The invention presents improvements over the state of the art in that it provides a means for the detection and/or prediction of metastasis of colon cell proliferative disorders, most particularly colon carcinoma by analysis of the methylation patterns of at least one or a plurality of genes and/or their regulatory sequences. In one embodiment the gene is APC and/or its regulatory sequences. The invention is particularly preferred for the detection of metastasis of colon carcinoma located in the liver or likelihood of metastasis of colon carcinoma. Furthermore APC methylation can be used as a marker to confirm that liver metastasis of unknown origin is from colon cancer primary and also to distinguish between liver cancer originating from a metastasis from a liver heptocellular carcinoma.

In a further preferred embodiment the methylation of the gene APC and/or its regulatory sequences and one or more genes of a panel of genes consisting of TPEF, p16/INK4A and ALX4, and/or their regulatory sequences is determined and therefrom a prognosis concerning likelihood of progression to metastases is determined. Said embodiments having a combined utility for the detection and prognosis of colon carcinoma.

In one aspect, the present invention provides for the use of the bisulfite technique, in combination with one or more methylation assays, for determination of the methylation status of CpG dinucleotide sequences of at least one of the genes taken from the group consisting ALX4, TPEF, p16/INK4A, APC and/or their regulatory sequences. It is most preferred that said gene is APC. According to the present invention, determination of the methylation status of CpG dinucleotide sequences within the gene APC has prognostic utility.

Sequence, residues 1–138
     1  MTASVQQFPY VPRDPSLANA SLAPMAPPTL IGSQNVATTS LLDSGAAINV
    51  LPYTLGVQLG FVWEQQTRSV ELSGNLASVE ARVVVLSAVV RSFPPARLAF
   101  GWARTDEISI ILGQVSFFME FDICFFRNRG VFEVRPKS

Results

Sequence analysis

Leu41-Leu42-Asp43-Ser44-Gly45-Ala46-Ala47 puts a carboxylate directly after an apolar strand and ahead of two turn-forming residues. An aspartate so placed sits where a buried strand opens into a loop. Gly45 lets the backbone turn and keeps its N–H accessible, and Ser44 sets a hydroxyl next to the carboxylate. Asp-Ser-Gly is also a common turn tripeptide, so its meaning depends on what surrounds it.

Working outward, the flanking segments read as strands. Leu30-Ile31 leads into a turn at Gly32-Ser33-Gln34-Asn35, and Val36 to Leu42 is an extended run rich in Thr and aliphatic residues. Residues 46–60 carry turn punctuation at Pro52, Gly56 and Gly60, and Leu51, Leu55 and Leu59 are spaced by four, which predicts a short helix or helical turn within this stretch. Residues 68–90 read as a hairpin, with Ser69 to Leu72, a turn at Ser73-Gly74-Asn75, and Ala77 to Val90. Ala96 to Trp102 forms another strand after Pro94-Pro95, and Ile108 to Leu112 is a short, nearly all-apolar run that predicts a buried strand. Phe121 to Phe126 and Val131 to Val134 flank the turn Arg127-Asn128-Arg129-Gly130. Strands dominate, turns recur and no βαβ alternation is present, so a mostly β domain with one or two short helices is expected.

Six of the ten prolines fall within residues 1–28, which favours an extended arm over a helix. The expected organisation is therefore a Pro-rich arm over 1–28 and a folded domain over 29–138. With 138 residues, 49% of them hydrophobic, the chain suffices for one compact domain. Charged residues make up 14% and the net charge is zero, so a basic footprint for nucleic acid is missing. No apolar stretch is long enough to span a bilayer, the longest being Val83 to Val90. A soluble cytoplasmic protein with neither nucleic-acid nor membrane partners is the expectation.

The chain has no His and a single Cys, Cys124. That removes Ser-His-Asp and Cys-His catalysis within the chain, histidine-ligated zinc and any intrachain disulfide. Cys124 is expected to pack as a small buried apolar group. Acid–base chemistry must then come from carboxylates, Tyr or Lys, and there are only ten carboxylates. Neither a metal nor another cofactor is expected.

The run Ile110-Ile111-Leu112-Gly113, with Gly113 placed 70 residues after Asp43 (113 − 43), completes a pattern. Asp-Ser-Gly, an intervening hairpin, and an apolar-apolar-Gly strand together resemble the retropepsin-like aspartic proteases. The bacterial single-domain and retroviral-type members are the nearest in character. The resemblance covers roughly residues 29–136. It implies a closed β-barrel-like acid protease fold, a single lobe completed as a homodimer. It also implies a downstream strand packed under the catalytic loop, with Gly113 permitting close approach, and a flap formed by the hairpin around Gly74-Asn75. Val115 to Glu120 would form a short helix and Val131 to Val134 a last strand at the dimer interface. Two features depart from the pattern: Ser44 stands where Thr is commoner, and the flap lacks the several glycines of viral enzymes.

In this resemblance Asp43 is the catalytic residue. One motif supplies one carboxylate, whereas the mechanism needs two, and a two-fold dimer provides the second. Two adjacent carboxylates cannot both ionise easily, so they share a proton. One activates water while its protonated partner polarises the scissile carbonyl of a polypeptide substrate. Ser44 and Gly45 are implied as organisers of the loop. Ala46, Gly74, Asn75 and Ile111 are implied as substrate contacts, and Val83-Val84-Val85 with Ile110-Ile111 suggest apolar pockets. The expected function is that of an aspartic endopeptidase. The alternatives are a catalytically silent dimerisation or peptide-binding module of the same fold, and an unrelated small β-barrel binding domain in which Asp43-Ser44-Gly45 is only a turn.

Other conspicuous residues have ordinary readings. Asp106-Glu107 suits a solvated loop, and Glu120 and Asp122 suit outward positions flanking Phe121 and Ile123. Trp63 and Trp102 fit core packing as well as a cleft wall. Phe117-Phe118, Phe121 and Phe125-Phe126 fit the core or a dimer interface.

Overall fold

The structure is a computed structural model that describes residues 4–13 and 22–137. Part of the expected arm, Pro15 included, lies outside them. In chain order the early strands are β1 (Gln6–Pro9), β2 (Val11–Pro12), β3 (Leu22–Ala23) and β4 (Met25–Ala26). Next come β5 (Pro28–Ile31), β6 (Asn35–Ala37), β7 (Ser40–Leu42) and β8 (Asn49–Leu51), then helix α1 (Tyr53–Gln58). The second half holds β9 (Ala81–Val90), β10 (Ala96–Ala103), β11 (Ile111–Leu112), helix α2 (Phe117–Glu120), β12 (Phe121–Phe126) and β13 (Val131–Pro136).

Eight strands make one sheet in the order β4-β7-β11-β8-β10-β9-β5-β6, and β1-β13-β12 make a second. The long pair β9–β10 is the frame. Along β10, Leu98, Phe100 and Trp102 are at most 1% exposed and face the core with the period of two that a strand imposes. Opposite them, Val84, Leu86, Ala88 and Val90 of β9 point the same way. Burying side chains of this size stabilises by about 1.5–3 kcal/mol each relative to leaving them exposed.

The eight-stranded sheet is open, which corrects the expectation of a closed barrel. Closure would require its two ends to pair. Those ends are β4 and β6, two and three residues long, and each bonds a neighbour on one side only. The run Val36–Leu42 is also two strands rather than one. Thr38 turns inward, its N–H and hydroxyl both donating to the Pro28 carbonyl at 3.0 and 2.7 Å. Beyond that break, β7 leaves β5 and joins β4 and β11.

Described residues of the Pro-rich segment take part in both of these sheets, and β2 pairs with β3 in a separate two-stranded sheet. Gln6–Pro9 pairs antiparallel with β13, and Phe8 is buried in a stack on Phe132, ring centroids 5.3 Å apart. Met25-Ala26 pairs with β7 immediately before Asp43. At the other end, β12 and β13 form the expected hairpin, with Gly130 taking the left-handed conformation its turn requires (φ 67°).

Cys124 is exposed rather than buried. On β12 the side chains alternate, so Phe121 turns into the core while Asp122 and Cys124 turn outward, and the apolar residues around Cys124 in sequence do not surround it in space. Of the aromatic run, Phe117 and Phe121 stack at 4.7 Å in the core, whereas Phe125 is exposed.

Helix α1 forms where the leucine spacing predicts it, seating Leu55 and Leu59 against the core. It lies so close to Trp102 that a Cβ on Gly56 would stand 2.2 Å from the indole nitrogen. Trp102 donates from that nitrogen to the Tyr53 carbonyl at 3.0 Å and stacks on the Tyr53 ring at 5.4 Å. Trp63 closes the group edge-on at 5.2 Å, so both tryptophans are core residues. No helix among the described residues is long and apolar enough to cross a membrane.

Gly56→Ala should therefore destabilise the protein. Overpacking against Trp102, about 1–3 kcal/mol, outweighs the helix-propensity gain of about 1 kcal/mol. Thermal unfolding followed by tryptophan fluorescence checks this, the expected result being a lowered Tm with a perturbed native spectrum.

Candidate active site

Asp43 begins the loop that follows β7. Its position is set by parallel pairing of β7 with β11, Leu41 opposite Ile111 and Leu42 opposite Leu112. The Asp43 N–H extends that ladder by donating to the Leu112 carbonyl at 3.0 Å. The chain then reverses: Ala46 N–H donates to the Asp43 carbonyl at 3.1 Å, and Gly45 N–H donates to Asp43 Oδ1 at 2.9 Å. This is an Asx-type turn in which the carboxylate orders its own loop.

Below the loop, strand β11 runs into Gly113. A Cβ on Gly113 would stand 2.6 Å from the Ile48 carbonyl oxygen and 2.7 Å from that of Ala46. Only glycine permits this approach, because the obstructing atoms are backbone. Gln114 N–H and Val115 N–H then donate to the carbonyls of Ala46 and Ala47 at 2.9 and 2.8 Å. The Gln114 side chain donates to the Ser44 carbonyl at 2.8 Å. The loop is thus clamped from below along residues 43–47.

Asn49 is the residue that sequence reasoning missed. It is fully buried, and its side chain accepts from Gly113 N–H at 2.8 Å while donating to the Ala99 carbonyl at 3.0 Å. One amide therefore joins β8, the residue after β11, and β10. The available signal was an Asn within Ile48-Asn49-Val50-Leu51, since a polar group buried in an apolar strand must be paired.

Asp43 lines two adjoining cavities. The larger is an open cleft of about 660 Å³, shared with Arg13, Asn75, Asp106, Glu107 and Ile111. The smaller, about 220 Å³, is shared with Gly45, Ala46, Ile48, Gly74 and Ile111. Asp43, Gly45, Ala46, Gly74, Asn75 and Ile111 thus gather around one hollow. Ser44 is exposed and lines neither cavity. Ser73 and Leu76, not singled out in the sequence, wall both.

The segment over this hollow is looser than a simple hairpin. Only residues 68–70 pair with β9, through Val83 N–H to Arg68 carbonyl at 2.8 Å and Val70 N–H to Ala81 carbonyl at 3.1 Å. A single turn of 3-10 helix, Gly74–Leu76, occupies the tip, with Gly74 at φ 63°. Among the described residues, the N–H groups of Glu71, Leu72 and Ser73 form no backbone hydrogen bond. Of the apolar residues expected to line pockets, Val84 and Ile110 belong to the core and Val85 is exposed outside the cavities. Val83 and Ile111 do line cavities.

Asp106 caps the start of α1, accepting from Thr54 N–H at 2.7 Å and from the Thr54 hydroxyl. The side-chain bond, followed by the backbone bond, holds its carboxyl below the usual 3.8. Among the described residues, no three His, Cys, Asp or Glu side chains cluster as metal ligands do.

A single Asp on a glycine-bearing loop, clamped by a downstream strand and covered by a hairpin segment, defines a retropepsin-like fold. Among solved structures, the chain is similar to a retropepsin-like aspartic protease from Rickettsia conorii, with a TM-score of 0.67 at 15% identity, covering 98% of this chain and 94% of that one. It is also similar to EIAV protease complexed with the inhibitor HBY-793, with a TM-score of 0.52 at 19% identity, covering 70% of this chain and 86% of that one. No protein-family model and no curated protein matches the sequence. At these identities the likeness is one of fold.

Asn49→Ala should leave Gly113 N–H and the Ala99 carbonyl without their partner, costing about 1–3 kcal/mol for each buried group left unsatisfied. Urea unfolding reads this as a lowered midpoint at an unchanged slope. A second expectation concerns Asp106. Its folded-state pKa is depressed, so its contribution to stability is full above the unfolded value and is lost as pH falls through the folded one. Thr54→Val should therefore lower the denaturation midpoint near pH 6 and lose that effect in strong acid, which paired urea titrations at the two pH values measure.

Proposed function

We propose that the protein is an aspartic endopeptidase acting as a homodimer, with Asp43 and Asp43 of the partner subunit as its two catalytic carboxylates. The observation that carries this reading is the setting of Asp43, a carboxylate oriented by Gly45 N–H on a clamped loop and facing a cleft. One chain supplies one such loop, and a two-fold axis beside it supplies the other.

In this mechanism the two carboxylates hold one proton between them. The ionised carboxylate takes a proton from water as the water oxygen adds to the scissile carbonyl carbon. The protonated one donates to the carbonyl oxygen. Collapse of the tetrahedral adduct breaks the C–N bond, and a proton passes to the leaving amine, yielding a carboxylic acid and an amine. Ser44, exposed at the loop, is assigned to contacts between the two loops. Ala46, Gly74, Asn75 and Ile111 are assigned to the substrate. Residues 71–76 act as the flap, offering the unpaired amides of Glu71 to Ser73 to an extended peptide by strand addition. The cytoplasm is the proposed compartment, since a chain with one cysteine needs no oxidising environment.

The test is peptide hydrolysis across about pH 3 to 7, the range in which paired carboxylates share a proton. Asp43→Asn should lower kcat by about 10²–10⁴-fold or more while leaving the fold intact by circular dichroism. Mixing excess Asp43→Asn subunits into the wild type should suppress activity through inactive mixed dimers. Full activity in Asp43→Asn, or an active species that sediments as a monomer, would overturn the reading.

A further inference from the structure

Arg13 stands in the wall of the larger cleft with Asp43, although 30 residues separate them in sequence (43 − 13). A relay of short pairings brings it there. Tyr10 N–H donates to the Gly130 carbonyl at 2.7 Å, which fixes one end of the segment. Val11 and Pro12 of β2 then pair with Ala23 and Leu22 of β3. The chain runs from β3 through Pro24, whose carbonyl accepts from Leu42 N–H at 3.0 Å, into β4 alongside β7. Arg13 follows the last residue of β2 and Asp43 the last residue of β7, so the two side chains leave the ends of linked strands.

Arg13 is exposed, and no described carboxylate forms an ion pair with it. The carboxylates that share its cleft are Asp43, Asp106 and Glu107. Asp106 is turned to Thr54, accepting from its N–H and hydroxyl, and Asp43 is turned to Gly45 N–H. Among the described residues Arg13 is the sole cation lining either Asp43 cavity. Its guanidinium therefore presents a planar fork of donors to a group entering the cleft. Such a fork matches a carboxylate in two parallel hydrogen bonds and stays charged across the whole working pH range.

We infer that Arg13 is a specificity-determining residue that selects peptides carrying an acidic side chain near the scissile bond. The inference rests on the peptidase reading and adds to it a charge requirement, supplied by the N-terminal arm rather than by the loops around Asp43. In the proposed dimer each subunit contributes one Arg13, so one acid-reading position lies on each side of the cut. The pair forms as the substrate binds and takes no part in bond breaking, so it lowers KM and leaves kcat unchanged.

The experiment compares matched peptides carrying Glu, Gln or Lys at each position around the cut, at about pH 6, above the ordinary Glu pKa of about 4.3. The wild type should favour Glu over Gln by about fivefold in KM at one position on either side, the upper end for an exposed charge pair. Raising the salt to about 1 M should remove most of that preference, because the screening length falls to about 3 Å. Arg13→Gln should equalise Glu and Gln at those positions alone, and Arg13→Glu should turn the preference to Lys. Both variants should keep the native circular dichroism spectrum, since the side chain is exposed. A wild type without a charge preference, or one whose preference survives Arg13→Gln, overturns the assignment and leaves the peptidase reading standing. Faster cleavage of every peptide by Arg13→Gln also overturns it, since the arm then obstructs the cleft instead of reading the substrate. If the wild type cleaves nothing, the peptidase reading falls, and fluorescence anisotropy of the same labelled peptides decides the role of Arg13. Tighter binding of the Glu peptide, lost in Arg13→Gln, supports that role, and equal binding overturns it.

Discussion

Although hypermethylation is commonly known in a wide variety of cancers, it has not been widely investigated as a prognostic marker and hypermethylation of genes in metastasis from colon carcinoma is not known in the art. Although hypermethylation of the gene APC is known in colon cancer, a person skilled in the art would not necessarily be led to investigate its use as a prognostic marker. There is nothing in the art to indicate that the gene APC is capable of distinguishing between primary and metastasized tumors or suchlike. Furthermore, hypermethylation of a gene is widely accepted as a modulating factor in gene expression (and thereby protein levels) wherein gene transcription is hindered by methylation thereby leading to decreased levels of expression. As can be seen from the examples that follow, protein levels of the gene APC are not significantly different between colon tissue, colon carcinoma and colon carcinoma metastasis. Therefore a person skilled in the art would not as a matter of course be lead to investigate the use of methylation analysis as a prognostic marker (i.e., one capable of differentiating between primary colon carcinoma and colon carcinoma metasasis) on the basis of its hypermethylation in colon carcinoma.